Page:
“My mother told me to be a lady. And for her, that meant be your own person, be independent.” - Ruth Bader Ginsburg
Ruth Bader Ginsburg. The Notorious RBG. Even if you’re not that interested in American politics it is more than likely you have seen her name and face at some point in pop culture. From RBG inspired graffiti to in-depth biopics and feature films, Ruth Bader Ginsburg’s image evolved to become one of the most important and identifiable cultural and feminist icons of our generation.
News of her death on September 18th not only spurred global mourning and grief for the loss of one of America’s most influential politicians, but also intensified an already uncomfortable political climate. With under seven weeks left before election day, her death has instigated a political fight over the future of the U.S. Supreme Court.
Aged 87, Ginsburg passed due to complications of metastatic pancreas cancer. According to her daughter, just days before her passing, Ginsburg stated, “My most fervent wish is that I will not be replaced until a new president is installed”.
Trump commented on her death saying “She led an amazing life. What else can you say?”, a slightly different tone compared to his 2016 tweet calling for her retirement, tweeting “her mind is shot”. Trump has also promptly begun endorsing the appointment of conservative judge Amy Coney Barret as the next Supreme Court nomination. Not only has this shifted the public narrative, minimising a heroic and historical lifetime of anti-discrimination advocacy whilst instead focusing on another Trump headline, but has once again highlighted the disparity of Trump’s political regime.
Senate Majority Leader, Mitch McConnell, has made it clear that he will attempt to support and push through Trump’s conservative endorsement, even if he is to lose the upcoming election. This is a stark contrast to his actions in 2016, when he refused to consider then-president Barack Obama’s own Supreme Court nominee, delaying the decision for almost a year and using the upcoming presidential election as a strategic excuse. A key reason for this opposing reaction is the current balance of the Supreme Court. Ruth Bader Ginsburg’s death provides Republican conservatives a 6-3 majority.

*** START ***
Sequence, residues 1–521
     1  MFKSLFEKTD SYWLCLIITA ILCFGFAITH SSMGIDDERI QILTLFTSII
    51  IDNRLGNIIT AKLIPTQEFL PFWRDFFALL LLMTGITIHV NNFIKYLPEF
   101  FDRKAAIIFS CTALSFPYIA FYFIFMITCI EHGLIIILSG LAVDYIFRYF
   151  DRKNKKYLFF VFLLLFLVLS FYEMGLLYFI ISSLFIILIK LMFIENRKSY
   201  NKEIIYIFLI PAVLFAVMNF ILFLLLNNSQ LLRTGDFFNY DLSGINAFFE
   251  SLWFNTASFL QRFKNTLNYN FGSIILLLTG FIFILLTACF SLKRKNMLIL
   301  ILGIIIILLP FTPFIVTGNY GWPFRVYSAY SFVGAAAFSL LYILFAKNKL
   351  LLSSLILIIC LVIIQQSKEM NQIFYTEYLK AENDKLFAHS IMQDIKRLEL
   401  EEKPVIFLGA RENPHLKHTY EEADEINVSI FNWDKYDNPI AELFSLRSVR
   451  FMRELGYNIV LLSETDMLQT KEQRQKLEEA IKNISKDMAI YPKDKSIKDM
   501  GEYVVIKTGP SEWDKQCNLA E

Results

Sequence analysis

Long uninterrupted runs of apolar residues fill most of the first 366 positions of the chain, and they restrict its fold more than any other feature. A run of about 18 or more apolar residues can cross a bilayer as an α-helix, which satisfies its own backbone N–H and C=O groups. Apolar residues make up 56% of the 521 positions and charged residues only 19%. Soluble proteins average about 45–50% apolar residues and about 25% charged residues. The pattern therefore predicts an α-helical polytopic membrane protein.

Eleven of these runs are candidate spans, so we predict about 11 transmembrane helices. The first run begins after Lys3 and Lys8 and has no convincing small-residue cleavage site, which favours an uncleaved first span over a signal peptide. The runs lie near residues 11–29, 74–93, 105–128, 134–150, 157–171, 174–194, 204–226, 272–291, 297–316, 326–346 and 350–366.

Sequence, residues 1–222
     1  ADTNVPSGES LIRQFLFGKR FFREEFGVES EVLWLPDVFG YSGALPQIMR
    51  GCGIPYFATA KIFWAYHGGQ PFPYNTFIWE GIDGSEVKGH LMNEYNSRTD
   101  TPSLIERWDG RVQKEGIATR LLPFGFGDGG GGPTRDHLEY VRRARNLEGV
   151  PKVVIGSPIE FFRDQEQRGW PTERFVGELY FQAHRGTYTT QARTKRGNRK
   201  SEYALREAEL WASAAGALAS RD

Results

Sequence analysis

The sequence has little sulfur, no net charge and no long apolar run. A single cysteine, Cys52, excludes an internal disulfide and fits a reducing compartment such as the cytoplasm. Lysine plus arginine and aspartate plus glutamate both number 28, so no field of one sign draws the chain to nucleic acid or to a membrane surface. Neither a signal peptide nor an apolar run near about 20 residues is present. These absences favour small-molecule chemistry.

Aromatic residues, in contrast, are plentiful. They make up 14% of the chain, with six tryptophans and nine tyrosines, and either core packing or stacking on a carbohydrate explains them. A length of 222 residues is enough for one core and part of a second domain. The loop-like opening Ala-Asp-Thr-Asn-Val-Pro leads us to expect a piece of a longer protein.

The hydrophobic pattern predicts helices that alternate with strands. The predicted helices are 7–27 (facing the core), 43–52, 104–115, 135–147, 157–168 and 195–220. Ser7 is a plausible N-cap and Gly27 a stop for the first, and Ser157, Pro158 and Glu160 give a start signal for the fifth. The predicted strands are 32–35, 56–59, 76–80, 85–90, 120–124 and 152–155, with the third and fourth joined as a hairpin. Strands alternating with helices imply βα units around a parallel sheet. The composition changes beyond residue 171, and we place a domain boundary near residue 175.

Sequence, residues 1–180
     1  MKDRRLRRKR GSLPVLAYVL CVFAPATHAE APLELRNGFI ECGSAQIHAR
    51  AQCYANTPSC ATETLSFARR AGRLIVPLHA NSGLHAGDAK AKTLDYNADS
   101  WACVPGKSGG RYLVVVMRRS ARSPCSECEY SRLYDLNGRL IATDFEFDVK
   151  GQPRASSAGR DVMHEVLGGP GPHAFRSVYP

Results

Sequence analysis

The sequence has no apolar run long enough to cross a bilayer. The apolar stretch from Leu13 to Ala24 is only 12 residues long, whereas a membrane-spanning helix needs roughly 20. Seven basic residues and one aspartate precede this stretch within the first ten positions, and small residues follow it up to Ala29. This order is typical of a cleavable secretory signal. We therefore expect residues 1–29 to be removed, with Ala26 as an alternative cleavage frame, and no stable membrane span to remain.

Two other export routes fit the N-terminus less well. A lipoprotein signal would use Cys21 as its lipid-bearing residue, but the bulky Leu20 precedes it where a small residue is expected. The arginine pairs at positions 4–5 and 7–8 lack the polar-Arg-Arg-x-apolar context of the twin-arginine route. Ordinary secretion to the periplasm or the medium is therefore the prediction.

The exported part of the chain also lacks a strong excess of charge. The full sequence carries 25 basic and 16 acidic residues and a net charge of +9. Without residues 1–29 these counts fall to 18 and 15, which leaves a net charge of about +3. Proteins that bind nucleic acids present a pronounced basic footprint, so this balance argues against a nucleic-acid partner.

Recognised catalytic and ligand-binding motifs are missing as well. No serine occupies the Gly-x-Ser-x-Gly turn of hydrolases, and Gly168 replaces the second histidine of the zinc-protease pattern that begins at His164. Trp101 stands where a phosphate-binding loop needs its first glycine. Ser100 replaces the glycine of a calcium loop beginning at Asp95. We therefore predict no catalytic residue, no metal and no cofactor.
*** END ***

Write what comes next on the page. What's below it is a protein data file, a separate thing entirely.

Whilst Ruth Bader Ginsburg’s death will play a crucial role in the future of American Politics, her passing has highlighted how influential she was across the world. Ginsburg incited a revolution, not only changing the world for American women but changing the face of gender equality. Throughout her legal crusade Ginsburg strategically picked male plaintiffs to illustrate how discrimination effects both men and women and of the six cases she brought before the Supreme Court throughout the 1970s, she won five.
Throughout her career, Ginsburg defied stereotypes whilst working her way up to a position within the Supreme Court. Ginsburg became the first female tenured professor at Columbia Law School, appointed to the U.S. Court of Appeals for the District of Columbia Circuit and spent 27 years on the Supreme Court bench.
Ginsburg’s progressive opinions were not only centred around sex-based discrimination, with much of her career dedicated to fighting for the rights of the LGBT community, undocumented people, and disabled people whilst also expanding voting rights.
Ginsburg was the first justice to officiate a same-sex marriage in 2013, was one of only four female justices in history, and the first female Jewish Supreme Court Justice. She not only shaped American history, but influenced numerous generations, becoming a defining role model for female empowerment, justice, and perseverance.
“Real change, enduring change, happens one step at a time”, she was quoted.
Ginsburg’s legacy in pop culture was cemented by New York University Law student, Shana Knizhnik, who created a Tumblr dedicated to “The Notorious RBG”. This not only aided in Ginsburg’s transcendence from the legal sphere to mainstream pop culture, but shaped Ginsburg’s identifiable image as a fashion icon. Ginsburg utilised fashion to communicate her political opinions, incorporating a wide range of collars with her legal robes. In an interview with Katie Couric, Ginsburg revealed she had both a dissenting collar and a majority opinion collar, stating “this is my dissenting collar…it looks fitting for dissents”.
This indisputable legacy of Ginsburg must not be forgotten amidst the current political climate. Whilst the upcoming election is undoubtedly important, Ginsburg’s death shouldn’t be overshadowed by the future state of the Supreme Court. Her influence and accomplishments in the face of gender equality under the law deserve to be celebrated, not overshadowed by a man she once called a “faker”.
This article was originally published in the 2020 issue, NASTY.